One thing you’ll find out fast is that trying to think symmetrically will generally lead nowhere. Some of the solutions to what look like simple puzzles will have your eyes bugging out when you’ve finally realized where things are supposed to go. On the other hand, you might be stuck on one annoying puzzle for half an hour before nailing it only to blow through the next dozen or so in under two minutes. Once you get to the fourth set of puzzles, you’ll be in for some wild-eyed moments as you wonder how the heck seven shapes could make up some of the more inventive images. Then again, there are a lot of abstract puzzles that will make you burst out laughing as soon as you see what you’re about to face. If you happen to be old enough to remember the early days of gaming, some of the puzzles will look like Atari 2600 or Intellivision sprites to you no doubt, but that doesn’t necessarily make them easy to solve.

Anyway, NEVES doesn’t sport flashy graphics or animations, but that’s a good thing, as there’s more room for puzzles and less distraction overall. You’re presented with a clean menu system broken up into a series of tabs called Rooms and each Room has a series of up to 50 puzzles. The top screen shows either the puzzle or gameplay hints, while the bottom screen is where you’ll be staring intently as you move shapes around. While you can change the color of the shapes in the options screen, this is more of a cosmetic issue that doesn’t affect gameplay one bit. As for the sound, there’s an awesomely jazzy score that’s light and catchy, yet intensifies the longer you take to solve a puzzle. Sound effects are sparse, but the game doesn’t really need a lot of them pounding away at your eardrums as you’re trying to cobble together a ladies shoe or fit a drinking glass together with shapes that don’t seem as if they’d fit at all. Sometimes, simplicity works wonders for a game’s overall look and NEVES makes great use out of its clean layout.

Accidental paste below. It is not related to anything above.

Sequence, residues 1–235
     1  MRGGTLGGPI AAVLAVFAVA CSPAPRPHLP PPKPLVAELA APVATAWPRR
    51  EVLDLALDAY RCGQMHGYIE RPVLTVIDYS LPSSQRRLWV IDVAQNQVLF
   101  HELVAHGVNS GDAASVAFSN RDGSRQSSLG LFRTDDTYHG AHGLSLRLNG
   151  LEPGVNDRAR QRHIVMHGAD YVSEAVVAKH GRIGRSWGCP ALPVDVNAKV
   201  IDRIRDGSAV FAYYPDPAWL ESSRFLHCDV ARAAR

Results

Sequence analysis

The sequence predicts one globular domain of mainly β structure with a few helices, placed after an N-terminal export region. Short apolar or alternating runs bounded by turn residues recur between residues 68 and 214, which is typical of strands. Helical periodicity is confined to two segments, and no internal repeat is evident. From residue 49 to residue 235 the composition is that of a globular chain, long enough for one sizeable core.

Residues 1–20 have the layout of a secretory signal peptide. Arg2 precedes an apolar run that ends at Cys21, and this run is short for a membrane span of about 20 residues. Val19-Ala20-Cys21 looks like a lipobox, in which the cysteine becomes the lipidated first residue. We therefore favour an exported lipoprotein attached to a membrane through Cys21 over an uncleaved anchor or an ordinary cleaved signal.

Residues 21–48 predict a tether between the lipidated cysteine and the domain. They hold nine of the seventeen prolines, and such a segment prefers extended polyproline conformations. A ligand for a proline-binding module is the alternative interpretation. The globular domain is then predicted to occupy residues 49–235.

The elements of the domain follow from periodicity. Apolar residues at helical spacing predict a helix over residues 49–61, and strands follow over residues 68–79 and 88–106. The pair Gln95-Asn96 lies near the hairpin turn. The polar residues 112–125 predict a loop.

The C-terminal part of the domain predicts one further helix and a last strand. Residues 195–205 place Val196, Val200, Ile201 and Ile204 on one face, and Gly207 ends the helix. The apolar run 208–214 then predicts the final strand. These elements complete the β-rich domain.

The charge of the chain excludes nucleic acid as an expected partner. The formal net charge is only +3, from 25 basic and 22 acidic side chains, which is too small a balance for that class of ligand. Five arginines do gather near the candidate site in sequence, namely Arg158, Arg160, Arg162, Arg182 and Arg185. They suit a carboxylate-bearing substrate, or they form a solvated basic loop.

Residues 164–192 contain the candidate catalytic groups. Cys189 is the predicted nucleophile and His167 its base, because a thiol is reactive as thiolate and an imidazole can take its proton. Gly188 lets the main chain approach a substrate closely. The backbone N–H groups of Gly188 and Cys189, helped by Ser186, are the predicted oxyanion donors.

Now about that exploit I mentioned above, if you have a great memory and wanted to get through the game in a few days’ time, you could “cheat” and do each of the puzzles in all three modes one after the other. Once you complete a puzzle in Silhouettes?, the solution stays on screen until you tap the screen. If you memorize the solution (or have a pad and pen handy to sketch it out), you can solve the puzzle in Time Pressure and 7 Steps, repeating the process until you’ve cleared Silhouettes? gotten all Gold medals in Time Pressure for completing puzzles in under a minute and tackled 7 Steps without messing up once. I only figured this out after about two days with the game, but this method still takes a bit of brainpower to complete as you’ll still need to solve the puzzles fair and square at least once. Still, imagine the looks on the faces of DS owning friends once they see your Trophy Room full of completed puzzles and all shiny Gold medals. Of course, that doesn’t mean you won’t ever pick up the game again, mind you. NEVES is brilliantly designed to keep your brain percolating each time you pick it up and that’s something every puzzle game should do.